Book 2, Chapters 9-11 Summary
Clyde, increasingly aware of his position as a Griffiths in Lycurgus, is uneasy about his relationship with Rita. Eventually this situation is resolved when his family status increases. It is not until after a month that Samuel Griffiths asks Gilbert about Clyde’s work in the factory. From Gilbert’s response, Mr. Griffiths sees that his son is jealous of his nephew. He decides it is time for Clyde to come out to the house for dinner. He arranges it with his wife, who sends Clyde an invitation for Sunday night dinner. The main meal on Sundays is at noon, when guests are present, but Mrs. Griffiths feels it would be better for Clyde to come to a meal with just the family.
Dillard invites Clyde on a weekend excursion with him, Zella, and Rita. Clyde puts him off, saying he has too much work at the moment. He begins to talk himself into going when he receives the dinner invitation. He is excited at this turn of events; he thinks at last he is accepted into the family. He buys some new clothes for the dinner despite his aunt’s telling him that it is not necessary. When Clyde arrives, Mrs. Griffiths is impressed with his appearance and notes his resemblance to Gilbert while fighting down the realization that Clyde is more attractive than her son is. Myra is impressed when she arrives. Gilbert flies through, stating that he cannot stay for dinner. Bella arrives with two of her friends, Bertine and Sondra Finchley. Sondra strikes up a conversation with Clyde, who sees the contrast between her and Rita. Sondra is quite taken with Clyde; she sees how much better looking he is than Gilbert, who is not very popular around the younger set anyway. Afterward, Clyde hopes he may somehow meet Sondra again.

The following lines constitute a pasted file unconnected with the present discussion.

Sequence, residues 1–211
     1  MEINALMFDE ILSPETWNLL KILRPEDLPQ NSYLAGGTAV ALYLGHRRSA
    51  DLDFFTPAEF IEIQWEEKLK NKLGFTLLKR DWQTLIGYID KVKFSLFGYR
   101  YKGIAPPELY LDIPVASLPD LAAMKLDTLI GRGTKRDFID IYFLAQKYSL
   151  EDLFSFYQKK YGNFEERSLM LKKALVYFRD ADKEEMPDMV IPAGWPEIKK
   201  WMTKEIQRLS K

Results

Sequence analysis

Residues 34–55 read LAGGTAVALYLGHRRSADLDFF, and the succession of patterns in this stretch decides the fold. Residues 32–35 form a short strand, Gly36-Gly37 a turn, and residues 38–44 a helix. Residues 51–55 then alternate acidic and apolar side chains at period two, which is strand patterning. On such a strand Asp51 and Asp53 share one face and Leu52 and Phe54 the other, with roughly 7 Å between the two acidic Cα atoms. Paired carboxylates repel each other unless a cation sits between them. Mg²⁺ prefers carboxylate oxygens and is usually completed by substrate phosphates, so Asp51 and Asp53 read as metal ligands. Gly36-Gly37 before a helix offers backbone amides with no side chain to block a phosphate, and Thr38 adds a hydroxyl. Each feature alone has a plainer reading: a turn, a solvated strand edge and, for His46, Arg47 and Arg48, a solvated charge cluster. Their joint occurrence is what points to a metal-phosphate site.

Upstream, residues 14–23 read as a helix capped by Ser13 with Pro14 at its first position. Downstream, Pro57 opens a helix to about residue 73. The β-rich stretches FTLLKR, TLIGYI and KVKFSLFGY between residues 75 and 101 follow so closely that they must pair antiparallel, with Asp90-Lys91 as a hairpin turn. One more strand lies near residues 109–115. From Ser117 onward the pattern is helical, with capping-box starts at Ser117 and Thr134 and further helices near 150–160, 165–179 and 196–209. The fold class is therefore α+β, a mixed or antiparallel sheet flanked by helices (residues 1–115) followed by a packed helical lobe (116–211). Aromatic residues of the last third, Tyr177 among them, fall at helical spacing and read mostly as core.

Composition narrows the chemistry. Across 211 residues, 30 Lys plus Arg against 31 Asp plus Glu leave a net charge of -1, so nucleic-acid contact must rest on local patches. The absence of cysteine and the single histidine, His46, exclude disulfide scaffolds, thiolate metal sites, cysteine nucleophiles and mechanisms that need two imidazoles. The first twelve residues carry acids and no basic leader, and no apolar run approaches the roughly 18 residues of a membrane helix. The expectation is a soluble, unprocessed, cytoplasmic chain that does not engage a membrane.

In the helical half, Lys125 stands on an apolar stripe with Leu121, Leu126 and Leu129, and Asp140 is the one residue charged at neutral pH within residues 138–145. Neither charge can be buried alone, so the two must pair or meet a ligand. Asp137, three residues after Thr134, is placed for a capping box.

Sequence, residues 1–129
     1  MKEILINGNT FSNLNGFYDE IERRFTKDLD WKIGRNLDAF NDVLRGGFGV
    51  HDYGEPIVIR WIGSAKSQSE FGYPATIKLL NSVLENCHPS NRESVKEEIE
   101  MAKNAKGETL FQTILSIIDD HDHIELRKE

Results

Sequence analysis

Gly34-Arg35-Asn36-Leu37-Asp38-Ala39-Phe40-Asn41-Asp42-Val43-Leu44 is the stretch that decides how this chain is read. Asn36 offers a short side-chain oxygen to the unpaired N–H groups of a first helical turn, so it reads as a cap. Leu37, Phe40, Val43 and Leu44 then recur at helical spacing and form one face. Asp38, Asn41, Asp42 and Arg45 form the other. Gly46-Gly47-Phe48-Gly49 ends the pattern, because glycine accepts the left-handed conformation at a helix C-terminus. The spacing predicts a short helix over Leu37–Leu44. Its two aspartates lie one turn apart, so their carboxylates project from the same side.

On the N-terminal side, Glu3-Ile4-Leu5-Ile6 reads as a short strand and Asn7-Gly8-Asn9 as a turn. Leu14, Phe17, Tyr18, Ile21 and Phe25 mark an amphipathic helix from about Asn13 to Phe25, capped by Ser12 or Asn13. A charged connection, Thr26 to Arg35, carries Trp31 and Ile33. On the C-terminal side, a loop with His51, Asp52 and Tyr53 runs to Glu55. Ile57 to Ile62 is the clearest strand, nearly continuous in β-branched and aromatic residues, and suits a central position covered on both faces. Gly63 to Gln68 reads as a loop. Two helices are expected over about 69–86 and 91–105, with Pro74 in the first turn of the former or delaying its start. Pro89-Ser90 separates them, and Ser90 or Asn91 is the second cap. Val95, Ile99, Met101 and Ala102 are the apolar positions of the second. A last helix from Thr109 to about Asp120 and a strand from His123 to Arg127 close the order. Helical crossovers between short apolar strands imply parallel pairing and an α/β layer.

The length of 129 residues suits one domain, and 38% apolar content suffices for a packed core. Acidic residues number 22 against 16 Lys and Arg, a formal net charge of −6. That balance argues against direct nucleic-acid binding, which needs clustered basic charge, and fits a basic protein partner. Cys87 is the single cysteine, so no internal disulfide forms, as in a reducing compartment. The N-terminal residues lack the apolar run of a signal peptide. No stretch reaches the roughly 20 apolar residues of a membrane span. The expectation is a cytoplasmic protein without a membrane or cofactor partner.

Not long after the dinner, Mr. Griffiths makes a tour of his factory. When he sees Clyde working at hard labor in his sleeveless shirt, he is bothered that a nephew of his should be found in this situation. He tells Gilbert to find Clyde a better position and to raise his salary to twenty-five dollars. Gilbert decides to put him in the stamping room, which is filled with female laborers. Clyde is to keep track of the pieces made by each worker. Gilbert warns him that, as a member of the Griffiths family, he will be given no latitude when it comes to his treatment of the female workers. Clyde understands completely and is eager to go to work, dressed in a suit for once.